While the idea of scantily clad warriors wearing not much more than a number of key pieces of armor are often depicted in fantasy art, obviously, there is a definite down side to wearing only partial armor. Certainly individual pieces can be enchanted with various magical effects to help alleviate some of these shortcomings, but these are very costly. In general, you are better off saving your gold and investing in a complete suit of armor tailored to fit your needs and lifestyle.

Table 3-2: New Armor Types
Armor Cost Armor Bonus Max. Dex. Bonus Armor Check Penalty Arcane Spell Failure % Speed 30 ft. Speed 20 ft. Weight*
Armored Codpiece 5 gp +4 0 2 lbs.
Full Visor 10 gp 4 lbs.
Mithral Cloak 1,400 gp +4 +6 0 5% 30 ft. 20 ft. 15 lbs.
Piecemeal Armor






-Plate-style 400 gp +5 +2 -5 30% 20 ft. 15 ft. 35 lbs.
-Banded-style 175 gp +4 +3 -4 25% 20 ft. 15 ft. 20 lbs.
Spiked/Plated Collar 3 gp +4 1 lb.
Warcaster’s Armor 35 gp +4 +5 -3 10% 30 ft. 20 ft. 15 lbs.

* Weight is for armor built for medium-sized creatures.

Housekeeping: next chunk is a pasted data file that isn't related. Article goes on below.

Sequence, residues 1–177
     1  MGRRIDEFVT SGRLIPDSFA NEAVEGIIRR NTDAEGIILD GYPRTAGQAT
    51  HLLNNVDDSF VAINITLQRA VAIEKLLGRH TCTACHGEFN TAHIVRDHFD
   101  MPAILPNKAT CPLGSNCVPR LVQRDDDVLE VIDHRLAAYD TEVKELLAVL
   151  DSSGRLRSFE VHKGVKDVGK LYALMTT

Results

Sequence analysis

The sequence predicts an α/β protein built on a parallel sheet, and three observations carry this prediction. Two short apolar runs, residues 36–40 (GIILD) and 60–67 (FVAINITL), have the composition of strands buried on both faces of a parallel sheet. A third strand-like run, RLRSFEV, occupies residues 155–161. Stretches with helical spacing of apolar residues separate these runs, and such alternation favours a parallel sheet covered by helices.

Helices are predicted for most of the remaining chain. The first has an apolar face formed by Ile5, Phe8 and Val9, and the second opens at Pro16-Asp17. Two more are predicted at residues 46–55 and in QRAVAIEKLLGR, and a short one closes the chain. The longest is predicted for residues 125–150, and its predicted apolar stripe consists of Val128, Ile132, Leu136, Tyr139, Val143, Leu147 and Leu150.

Armored Codpiece: A single-piece garment worn to protect the groin area. Some are over-sized and gaudy while others are slim and can easily be worn under most outer clothes. Although a codpiece does not provide any additional AC bonuses, it does provide the listed Armor Bonus against any Called Shot to the groin area.

Full Visor: A full visor completely covers the wearer’s face leaving only a small slit for vision. This makes the user almost completely immune to Called Shots to the eyes and face. (Called Shot penalty to eyes equals –15) It also makes it very hard for the wearer to see. The wearer suffers a -2 penalty to initiative and all skill or ability checks that involve vision, but receives a +2 circumstance bonus to saves against gaze attacks.

Mithral Cloak: Ideal for spellcasters or anyone who can’t take the time to don a full suit of armor, a mithral cloak is a fine-mesh cloak that is composed of small interlocked mithral rings. This full-length chainmail-style cloak and cowl is equipped with a padded inner lining designed to prevent chafing and soften blows.

Piecemeal armor: This is a standard suit of padded leather with a number of metal plates strategically placed along arms, legs, chest and back. Plate and banded styles are common, although other styles are not unheard of. While these armors don’t protect the wearer as well as full suits of each type, they do allow the wearer greater flexibility and are considerably cheaper. If a suit of piecemeal armor is found, there is a 90% chance that the right arm is armored.